Differences in neurophysiological activity induced by viewing live versus recorded opera performance

In an age where recorded audio/visual performance media is ubiquitous and easily accessed, there may seem to be little impetus to experience a performance live. However, live performance is very important clinically, where it is well known to be more effective than recorded performance in a variety of applications including sleep induction, stress and pain reduction, and improved compliance during diagnostic measurements. Moreover, experiencing live performance is thought to have numerous social benefits such as fostering social unity and awareness, along with cultural appreciation. The more powerful effect of live over recorded performance undoubtedly has neurophysiological underpinnings. Nevertheless, few neurophysiological studies have investigated direct comparisons of brain activity induced by viewing live verses recorded performance. In partnership with the Opera de Montréal (OdeM), this study represents an unprecedented opportunity to explore this line of inquiry via the recording of encephalograms of subjects while they watch live and recorded opera performances.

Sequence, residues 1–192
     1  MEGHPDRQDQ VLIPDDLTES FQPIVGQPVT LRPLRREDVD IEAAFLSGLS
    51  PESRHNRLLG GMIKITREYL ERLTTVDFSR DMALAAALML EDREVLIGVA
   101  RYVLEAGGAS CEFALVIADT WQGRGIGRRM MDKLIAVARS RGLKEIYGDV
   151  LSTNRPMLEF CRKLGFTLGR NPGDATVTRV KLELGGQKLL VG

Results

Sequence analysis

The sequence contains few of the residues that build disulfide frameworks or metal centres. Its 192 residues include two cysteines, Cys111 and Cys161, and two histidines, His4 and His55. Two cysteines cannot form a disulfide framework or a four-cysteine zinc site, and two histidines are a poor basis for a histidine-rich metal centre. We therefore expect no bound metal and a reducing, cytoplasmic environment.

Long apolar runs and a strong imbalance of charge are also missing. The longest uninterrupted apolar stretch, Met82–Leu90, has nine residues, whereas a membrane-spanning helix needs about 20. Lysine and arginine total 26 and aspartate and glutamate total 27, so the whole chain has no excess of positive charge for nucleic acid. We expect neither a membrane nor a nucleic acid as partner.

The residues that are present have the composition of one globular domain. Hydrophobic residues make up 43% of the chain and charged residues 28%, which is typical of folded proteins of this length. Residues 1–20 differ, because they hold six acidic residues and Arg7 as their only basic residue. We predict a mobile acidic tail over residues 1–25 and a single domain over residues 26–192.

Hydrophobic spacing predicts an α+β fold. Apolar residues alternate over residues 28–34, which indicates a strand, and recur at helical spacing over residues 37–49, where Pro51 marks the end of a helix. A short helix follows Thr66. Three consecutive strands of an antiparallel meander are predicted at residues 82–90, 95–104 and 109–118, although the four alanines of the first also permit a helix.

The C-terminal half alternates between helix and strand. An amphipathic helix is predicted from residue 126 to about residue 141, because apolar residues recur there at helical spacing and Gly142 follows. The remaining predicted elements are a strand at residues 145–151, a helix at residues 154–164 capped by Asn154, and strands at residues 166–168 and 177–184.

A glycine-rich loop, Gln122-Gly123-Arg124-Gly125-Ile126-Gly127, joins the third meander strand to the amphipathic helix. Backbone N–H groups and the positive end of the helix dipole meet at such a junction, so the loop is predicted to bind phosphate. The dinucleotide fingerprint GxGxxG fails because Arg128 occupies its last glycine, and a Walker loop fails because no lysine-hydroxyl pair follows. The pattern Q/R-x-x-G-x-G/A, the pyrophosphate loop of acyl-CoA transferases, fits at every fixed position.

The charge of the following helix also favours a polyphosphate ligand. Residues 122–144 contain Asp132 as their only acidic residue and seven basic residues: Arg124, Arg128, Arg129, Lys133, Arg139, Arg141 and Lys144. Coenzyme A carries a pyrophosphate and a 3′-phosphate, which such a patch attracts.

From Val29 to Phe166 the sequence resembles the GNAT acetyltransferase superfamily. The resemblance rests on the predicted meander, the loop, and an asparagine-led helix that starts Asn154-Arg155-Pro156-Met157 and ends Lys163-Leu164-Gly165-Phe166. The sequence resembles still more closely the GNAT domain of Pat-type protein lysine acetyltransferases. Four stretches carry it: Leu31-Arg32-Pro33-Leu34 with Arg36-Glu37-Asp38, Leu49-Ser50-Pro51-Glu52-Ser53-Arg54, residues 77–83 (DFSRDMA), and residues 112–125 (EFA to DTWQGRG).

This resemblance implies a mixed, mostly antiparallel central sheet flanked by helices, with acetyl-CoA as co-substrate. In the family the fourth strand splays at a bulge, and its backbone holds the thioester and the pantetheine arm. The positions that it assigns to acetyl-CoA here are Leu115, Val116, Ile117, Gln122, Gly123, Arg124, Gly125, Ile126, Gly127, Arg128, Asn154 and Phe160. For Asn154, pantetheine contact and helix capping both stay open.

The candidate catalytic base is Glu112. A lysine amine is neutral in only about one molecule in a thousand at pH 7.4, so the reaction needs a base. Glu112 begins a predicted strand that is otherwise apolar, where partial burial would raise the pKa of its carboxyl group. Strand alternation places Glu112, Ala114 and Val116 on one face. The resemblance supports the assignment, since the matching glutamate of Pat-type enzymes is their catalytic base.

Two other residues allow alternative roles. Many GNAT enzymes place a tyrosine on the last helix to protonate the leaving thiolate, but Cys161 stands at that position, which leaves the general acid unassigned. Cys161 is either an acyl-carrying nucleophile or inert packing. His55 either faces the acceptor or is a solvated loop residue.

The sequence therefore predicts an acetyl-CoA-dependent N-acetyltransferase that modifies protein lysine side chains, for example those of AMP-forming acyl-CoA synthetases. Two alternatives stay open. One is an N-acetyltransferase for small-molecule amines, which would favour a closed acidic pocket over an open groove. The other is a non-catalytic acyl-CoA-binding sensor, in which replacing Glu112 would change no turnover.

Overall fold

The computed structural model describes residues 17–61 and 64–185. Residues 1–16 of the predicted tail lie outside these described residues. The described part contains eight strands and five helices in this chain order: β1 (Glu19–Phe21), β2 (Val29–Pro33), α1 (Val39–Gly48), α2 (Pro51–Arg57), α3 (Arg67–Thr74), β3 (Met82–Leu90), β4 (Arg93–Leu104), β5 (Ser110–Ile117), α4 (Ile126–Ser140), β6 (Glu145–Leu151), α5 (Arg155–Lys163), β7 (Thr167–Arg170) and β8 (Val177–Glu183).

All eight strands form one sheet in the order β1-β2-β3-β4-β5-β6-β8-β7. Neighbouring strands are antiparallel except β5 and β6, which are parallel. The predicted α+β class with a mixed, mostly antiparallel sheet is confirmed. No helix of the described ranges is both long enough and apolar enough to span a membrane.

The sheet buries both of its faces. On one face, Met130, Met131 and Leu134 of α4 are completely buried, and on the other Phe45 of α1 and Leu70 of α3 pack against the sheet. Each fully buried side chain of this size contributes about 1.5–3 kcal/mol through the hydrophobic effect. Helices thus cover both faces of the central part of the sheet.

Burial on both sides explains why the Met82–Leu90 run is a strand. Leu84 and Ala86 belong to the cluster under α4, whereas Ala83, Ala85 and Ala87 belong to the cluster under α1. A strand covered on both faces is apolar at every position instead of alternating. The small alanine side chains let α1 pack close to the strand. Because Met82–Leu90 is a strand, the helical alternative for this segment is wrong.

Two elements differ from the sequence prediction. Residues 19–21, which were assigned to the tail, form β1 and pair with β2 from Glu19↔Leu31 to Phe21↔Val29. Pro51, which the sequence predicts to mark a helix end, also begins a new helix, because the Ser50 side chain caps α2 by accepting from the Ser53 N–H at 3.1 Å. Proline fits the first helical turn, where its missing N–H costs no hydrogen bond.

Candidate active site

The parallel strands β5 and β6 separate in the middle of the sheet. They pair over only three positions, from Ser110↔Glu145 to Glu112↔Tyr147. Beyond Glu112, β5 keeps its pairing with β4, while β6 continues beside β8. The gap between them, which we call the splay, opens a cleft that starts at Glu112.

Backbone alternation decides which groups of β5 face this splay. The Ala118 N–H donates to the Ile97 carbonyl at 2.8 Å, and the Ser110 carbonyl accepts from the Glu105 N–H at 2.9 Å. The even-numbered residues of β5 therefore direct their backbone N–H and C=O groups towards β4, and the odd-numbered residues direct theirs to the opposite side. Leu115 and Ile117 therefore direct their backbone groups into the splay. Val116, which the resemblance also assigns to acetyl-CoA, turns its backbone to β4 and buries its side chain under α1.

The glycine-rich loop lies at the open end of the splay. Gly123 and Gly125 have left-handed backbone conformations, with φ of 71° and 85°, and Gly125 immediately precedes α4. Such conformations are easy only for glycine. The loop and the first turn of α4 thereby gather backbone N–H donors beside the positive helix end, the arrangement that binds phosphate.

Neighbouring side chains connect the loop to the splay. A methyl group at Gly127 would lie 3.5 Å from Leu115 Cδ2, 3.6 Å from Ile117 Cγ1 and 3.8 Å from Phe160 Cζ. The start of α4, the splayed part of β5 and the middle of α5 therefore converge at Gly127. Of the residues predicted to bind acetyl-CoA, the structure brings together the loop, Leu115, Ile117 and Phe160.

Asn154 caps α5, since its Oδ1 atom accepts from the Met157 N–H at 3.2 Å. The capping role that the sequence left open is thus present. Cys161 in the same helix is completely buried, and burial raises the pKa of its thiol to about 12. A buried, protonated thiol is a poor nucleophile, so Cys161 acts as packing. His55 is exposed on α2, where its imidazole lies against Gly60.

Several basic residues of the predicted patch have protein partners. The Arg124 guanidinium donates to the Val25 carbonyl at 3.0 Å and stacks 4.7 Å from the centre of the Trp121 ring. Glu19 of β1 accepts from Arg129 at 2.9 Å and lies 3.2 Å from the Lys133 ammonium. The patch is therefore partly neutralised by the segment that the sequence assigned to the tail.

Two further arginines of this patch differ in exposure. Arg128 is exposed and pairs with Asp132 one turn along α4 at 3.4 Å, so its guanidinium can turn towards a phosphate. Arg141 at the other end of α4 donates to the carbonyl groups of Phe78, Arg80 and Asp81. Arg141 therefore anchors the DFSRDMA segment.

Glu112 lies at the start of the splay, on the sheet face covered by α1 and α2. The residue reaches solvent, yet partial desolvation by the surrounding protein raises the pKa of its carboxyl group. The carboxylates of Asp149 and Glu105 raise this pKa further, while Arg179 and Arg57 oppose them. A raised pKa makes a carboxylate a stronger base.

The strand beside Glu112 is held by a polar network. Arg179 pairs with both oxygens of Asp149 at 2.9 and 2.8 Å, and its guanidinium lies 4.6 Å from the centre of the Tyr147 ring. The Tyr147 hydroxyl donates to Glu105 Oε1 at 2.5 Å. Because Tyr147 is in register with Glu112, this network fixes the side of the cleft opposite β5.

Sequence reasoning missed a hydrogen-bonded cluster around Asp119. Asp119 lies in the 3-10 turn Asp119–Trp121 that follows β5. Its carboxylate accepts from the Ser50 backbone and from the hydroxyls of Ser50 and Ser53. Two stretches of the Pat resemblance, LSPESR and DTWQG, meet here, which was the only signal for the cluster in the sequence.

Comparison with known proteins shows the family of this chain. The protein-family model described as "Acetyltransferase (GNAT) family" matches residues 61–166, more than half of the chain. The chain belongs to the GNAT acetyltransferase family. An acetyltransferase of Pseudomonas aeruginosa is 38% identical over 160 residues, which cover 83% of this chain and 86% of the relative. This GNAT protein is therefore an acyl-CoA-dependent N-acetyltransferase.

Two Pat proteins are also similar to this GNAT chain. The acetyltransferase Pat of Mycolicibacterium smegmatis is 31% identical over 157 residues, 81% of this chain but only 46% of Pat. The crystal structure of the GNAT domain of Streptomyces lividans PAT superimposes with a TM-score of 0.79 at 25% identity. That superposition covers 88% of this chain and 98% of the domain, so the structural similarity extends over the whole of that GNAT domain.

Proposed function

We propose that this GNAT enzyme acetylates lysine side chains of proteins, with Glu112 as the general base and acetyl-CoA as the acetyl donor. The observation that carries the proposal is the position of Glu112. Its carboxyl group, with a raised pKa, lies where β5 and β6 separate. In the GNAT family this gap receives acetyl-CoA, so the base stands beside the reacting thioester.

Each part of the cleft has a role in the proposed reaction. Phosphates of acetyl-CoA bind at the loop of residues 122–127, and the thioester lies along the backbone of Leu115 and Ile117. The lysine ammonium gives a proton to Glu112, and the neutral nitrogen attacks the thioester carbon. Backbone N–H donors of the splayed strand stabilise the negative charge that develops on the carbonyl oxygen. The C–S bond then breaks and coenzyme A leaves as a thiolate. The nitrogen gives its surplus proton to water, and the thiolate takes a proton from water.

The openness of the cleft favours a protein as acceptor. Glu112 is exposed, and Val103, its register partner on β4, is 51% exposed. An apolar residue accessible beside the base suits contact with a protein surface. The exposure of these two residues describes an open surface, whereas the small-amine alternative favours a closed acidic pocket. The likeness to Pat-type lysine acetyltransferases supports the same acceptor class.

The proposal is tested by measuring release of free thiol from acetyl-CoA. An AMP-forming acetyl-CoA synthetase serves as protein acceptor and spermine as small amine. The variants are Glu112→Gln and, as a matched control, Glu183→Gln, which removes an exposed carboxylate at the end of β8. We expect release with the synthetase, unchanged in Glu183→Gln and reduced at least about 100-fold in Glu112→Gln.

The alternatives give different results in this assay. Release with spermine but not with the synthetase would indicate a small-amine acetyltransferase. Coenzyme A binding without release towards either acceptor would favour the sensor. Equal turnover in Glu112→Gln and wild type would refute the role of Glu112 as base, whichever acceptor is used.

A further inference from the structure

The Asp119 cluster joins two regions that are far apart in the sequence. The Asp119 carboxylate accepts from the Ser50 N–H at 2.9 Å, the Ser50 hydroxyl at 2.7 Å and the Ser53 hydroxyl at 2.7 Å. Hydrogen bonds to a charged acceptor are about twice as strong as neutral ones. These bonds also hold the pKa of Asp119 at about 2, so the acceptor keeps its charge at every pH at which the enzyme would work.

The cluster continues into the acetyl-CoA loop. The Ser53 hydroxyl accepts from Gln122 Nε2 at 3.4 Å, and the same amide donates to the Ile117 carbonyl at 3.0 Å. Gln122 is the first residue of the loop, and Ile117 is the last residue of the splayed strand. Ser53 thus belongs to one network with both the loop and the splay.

Faculty Supervisor:

Pierre-Majorique Léger


Jared Boasen


Opéra de Montréal


Visual arts


Medical devices


HEC Montréal



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